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Mission ready, EOD streamlines efficiency

Senior Airman Richard Bezouska, 366th Civil Engineering Squadron explosive ordinance disposal journeyman, unloads gear during a training event Dec. 10, 2014, at Mountain Home Air Force Base, Idaho. Bezouska demonstrated how EOD gear is loaded for deployments and how the new system for loading and unloading is more effective. (U.S. Air Force photo by Airman 1st Class Malissa Lott/RELEASED)

Senior Airman Richard Bezouska, 366th Civil Engineering Squadron explosive ordinance disposal journeyman, unloads gear during a training event Dec. 10, 2014, at Mountain Home Air Force Base, Idaho. Bezouska demonstrated how EOD gear is loaded for deployments and how the new system for loading and unloading is more effective. (U.S. Air Force photo by Airman 1st Class Malissa Lott/RELEASED)

036-Airman 1st Class David Felkins, 366th Civil Engineering Squadron explosive ordinance disposal EOD apprentice, communicates with his team lead during training Dec. 10, 2014, at Mountain Home Air Force Base, Idaho. Previously equipment would be unloaded on and off an aircraft then reassembled, a process that took up to four hours. (U.S. Air Force photo by Airman 1st Class Malissa Lott/RELEASED)

036-Airman 1st Class David Felkins, 366th Civil Engineering Squadron explosive ordinance disposal EOD apprentice, communicates with his team lead during training Dec. 10, 2014, at Mountain Home Air Force Base, Idaho. Previously equipment would be unloaded on and off an aircraft then reassembled, a process that took up to four hours. (U.S. Air Force photo by Airman 1st Class Malissa Lott/RELEASED)

MOUNTAIN HOME AIR FORCE BASE, Idaho -- Forward Operating Bases are often situated in a mountainous environment with rugged terrain. Explosive Ordinance Disposal technicians must assess their mental checklists and they could possibly hear small arms fire and mortars go off in the distance. Working in hectic conditions can be stressful but getting equipment ready is even more demanding.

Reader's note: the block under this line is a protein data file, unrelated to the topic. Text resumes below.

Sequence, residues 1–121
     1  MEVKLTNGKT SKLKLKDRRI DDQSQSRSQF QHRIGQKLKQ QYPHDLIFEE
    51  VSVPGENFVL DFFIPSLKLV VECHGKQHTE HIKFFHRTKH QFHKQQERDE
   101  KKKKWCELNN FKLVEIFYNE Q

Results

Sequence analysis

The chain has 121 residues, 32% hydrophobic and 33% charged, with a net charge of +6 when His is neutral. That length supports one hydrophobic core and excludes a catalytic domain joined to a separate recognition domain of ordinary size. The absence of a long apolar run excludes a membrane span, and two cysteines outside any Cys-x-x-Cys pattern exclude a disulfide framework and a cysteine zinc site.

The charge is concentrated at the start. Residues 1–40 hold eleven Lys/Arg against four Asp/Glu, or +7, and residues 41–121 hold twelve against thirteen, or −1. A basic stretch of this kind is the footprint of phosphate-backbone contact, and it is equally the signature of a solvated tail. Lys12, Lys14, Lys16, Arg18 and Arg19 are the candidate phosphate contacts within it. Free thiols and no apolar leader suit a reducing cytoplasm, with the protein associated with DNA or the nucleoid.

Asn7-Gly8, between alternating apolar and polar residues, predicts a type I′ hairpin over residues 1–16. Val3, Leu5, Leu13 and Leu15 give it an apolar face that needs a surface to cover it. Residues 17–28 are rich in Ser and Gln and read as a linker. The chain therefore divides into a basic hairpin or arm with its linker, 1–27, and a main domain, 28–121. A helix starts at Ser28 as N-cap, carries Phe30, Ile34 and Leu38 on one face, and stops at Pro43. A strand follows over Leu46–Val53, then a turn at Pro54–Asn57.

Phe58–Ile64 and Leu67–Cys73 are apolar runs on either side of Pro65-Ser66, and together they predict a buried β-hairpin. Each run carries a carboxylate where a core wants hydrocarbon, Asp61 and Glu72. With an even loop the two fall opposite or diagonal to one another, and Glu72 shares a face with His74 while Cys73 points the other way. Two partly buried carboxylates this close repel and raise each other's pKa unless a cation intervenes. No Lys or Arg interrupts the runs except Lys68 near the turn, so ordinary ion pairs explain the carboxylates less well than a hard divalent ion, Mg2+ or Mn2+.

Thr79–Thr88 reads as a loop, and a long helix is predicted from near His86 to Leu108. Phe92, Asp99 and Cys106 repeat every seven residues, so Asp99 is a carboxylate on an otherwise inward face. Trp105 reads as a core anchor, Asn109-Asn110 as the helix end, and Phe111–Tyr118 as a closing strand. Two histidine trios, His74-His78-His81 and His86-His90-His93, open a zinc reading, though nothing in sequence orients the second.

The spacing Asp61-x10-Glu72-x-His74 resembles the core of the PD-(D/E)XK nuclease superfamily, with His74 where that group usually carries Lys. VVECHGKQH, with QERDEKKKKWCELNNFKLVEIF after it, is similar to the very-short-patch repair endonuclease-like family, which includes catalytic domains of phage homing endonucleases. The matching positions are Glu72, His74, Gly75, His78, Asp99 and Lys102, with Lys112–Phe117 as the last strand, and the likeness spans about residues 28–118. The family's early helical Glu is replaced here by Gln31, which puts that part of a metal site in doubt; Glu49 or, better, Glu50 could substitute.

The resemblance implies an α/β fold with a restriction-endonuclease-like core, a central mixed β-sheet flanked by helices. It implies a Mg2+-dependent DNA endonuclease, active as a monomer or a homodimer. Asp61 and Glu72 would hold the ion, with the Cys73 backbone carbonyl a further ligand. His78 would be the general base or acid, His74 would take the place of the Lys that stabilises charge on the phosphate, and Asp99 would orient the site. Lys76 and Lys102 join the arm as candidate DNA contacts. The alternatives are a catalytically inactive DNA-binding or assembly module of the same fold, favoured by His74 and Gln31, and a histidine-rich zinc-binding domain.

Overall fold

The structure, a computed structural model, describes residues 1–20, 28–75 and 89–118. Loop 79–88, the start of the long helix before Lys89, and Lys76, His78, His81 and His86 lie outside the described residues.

Previously it took four hours for EOD Airmen to unload and reassemble equipment necessary for a deployment once the bird touched the ground. Now, that equipment is simply is driven off the aircraft.

Expected to always be mission capable, EOD Airmen were greatly hindered when it came to preparing for their task. These Airmen are now able to bypass extra steps in between with a new alteration without wasting time unloading and reloading gear.

"This package ties in with the regular warfare mission scenarios and it might offer more flexibility," said Fisher. "It might open up more avenues if they want EOD presence."

Precious moments were squandered with these tasks, but they have to be quick and efficient. Employing a new deployment system will lead to accomplishing the mission much more successfully by eliminating the time it takes to unload.

"Now, everything we need is with us the whole time," said Senior Airman Richard Bezouska, 366th Civil Engineering Squadron EOD journeyman. "Instead of taking four spaces on the aircraft, we only take two."
It doesn't always allow for a smooth process when having to work with various command elements and a constantly evolving mission and working within the scope of the standardized Air Force mission.

"In my opinion the new way is effective for current contingency operations," said Tech Sgt. Jeremy Cunningham, 366th CES EOD NCO in charge of operations. "Historically we have had to change its deployment and tasking process since Air Force practices don't always work well with EOD deployments."

Instead of searching high and low for equipment, EOD knows exactly how it's all packaged no matter which base it's sent from. This universal system keeps the combat mission flowing.

"We would deploy this entire package to a new base and different base EOD technicians would meet it," said Staff Sgt. Derek Fisher, CES EOD journeyman. "This left you fishing through a giant box trying to figure out where everything was."

Fisher continued, now everything is standardized and detailed on how equipment is to be packaged. It doesn't matter who is meeting the package, they're going to know where everything is.

"I think the biggest weigh in is we have the capability to roll-on and roll-off," said Bezouska. "We have detailed diagrams set up to where if we need something, we know exactly where it's supposed to be. I'm ready to start this, it will make our lives easier by getting the equipment to the mission faster. "